What is Green Extractivism? Exploring Past Research and New Frontiers
This presentation reviews the concept of green extractivism. Exploring preceding works and terms influencing the concept, this lecture offers a genealogical review of the term. This entails discussing definitions around extractivism, the first known use of the term and defining indirect and direct green extractivism. This short lecture concludes by highlighting relevant research areas in need of further development, with the intended hope that people will take up and expand on the offered definition. The term green extractivism seeks to expose taken for granted processes of extractivism underlying so-called “green,” “clean” and “sustainable development” processes, from low-carbon infrastructural development to eco-tourism schemes.Alexander Dunlap is a postdoctoral research fellow at the Centre for Development and the Environment, University of Oslo. His work has critically examined police-military transformations, market-based conservation, wind energy development and extractive projects more generally in Latin America and Europe. He has published two books: Renewing Destruction: Wind Energy Development, Conflict and Resistance in an American Context (Rowman & Littlefield, 2019) and, the co-authored, The Violent Technologies of Extraction (Palgrave, 2020). This includes a forthcoming edited volume: Enforcing Ecocide: Power, Policing & Planetary Militarization (Palgrave, 2022).
Speaking on June 17, 2022 at 9:00 (CEST).
Photo credits: Alex Holm
Making coal sustainable? How nature conservation, corporate power and state violence create green extractivist fantasies in the German Rhineland
German coal mine operator RWE makes two products: cheap electricity and ‘pretty new landscapes’. These ‘pretty new landscapes’ are meant to offset the destruction ancient woodlands, rare animal and human habitats for coal extraction in the Rhineland. They are entangled in (corporate) counterinsurgency efforts to delegitimise anti-mining resistance – including Public Relations works to paint RWE as sustainable, Corporate Social Responsibility programs to buy consent, and brute force deployed against land defenders and journalists to facilitate the dispossession and displacement of human and nonhuman communities until today. Corporate offsets thus not only support the extraction of coal in an era of global heating and mass extinction. Importantly, narratives within which offsets and other ‘green’ infrastructures are embedded capture imaginations through novel green capitalist fantasies of sustainability, marketed by an entire state/corporate/PR apparatus, creating imaginaries of ‘better nature’ with new lake landscapes, higher house prices, and recreational opportunities and a ‘better future’. This ‘better future’ requires a spectacular performance of sustainability that facilitates accumulation by restoration, and is grounded in the ontological flattening and erasure of existences to facilitate claims of commensurability and green extractivism.Andrea Brock is a political ecologist and political economist with interest in the relationship between extractivism, corporate power, and state violence. She has conducted research on coal mining and hydraulic fracturing, renewable energy generation, and criminalisation of dissent. She completed her PhD dissertation with the title "Conserving power: An exploration of biodiversity offsetting in Europe and beyond" in 2019. In the dissertation, she analysed biodiversity offsetting as a technology of governance to manage anti-mining resistance and legitimise mining activities in the face of public opposition and ecological destruction. Before joining Sussex University in 2013, she worked at the the Institute for Environmental Studies at the VU University and a number of nongovernmental organisations on issues of trade, the right to food, and the environment. she is a co-director of the Centre for Global Political Economy, member of the STEPS Centre and the Sussex Energy Group, and she co-convenes the Politics of Nature reading group, together with Amber Huff.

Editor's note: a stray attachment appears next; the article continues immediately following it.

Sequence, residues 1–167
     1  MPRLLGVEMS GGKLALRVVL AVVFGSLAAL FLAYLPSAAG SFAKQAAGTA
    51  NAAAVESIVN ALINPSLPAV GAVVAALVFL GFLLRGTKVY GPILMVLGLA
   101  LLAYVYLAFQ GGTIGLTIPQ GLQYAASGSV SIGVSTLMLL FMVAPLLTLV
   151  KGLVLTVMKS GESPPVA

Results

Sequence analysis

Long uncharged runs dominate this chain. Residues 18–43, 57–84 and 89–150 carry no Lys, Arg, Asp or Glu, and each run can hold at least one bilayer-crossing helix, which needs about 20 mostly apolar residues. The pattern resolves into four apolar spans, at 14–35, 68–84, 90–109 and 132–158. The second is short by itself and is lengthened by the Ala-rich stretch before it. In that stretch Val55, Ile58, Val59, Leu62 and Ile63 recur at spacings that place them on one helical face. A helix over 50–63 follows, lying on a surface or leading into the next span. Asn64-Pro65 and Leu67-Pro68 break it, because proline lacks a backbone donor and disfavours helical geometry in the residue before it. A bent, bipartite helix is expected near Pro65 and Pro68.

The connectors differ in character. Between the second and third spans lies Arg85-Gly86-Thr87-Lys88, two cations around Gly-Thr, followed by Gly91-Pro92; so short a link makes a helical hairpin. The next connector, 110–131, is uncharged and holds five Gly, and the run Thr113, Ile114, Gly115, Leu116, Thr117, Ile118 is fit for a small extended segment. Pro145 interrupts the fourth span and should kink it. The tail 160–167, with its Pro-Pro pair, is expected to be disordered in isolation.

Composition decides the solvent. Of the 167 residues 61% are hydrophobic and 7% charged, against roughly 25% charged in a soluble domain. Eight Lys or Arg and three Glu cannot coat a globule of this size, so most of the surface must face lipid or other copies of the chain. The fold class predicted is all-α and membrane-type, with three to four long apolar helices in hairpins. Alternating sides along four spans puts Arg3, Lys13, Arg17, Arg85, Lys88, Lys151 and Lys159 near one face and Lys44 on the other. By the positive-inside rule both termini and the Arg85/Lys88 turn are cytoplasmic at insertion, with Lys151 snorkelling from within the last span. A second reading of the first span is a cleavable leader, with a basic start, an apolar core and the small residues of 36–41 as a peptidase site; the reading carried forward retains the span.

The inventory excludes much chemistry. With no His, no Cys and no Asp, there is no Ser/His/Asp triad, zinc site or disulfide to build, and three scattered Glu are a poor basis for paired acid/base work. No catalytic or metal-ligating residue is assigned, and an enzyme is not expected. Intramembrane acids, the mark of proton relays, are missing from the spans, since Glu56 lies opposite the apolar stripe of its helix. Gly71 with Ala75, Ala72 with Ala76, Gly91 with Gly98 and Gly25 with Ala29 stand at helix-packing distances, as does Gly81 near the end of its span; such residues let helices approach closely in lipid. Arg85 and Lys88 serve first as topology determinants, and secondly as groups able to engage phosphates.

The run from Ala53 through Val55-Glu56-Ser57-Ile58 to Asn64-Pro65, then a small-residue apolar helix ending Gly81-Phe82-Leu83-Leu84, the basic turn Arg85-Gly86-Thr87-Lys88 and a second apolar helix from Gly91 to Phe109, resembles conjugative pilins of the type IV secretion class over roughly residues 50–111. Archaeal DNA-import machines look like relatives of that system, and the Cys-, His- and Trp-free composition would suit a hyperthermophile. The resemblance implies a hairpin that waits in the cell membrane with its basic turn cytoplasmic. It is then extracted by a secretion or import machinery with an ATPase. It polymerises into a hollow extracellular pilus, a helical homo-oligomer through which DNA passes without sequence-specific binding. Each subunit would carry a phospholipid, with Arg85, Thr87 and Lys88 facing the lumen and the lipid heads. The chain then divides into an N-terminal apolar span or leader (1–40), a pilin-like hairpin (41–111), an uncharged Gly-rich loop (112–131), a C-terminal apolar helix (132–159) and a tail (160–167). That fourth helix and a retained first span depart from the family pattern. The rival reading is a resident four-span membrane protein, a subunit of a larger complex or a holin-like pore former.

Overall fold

Speaking on June 17, 2022 at 13:30 (CEST).
Reflections on Green Extractivism and Violence
How is green extractivism shaped by and how does it shape violent conflict? Starting out with a discussion of the multiple intersecting violences that are inherent to extractivism, this presentation raises the question if there is anything distinct about the violent nature of green extractivism. It also explores the inter-relations between green extractivism and armed conflict, reflecting again on the similarities and differences with conventional resource extraction projects. In searching for very preliminary answers to these questions, the presentation will draw on the insights that have emerged in the course of the conference.
Judith Verweijen is a Lecturer at the Department of Politics & International Relations at the University of Sheffield (UK). Her research looks at the interplay of armed mobilization, violence and conflicts around natural resources. Specifically, she examines the involvement of violent actors in resource conflicts amidst armed conflict and how they resist, enable or profit from resource exploitation. She has analyzed conflicts related to industrial and artisanal mining, logging, nature conservation and land. Her main focus is on eastern DRC, where she has conducted extensive field research since 2010.
Speaking on June 17, 2022 at 17:35 (CEST).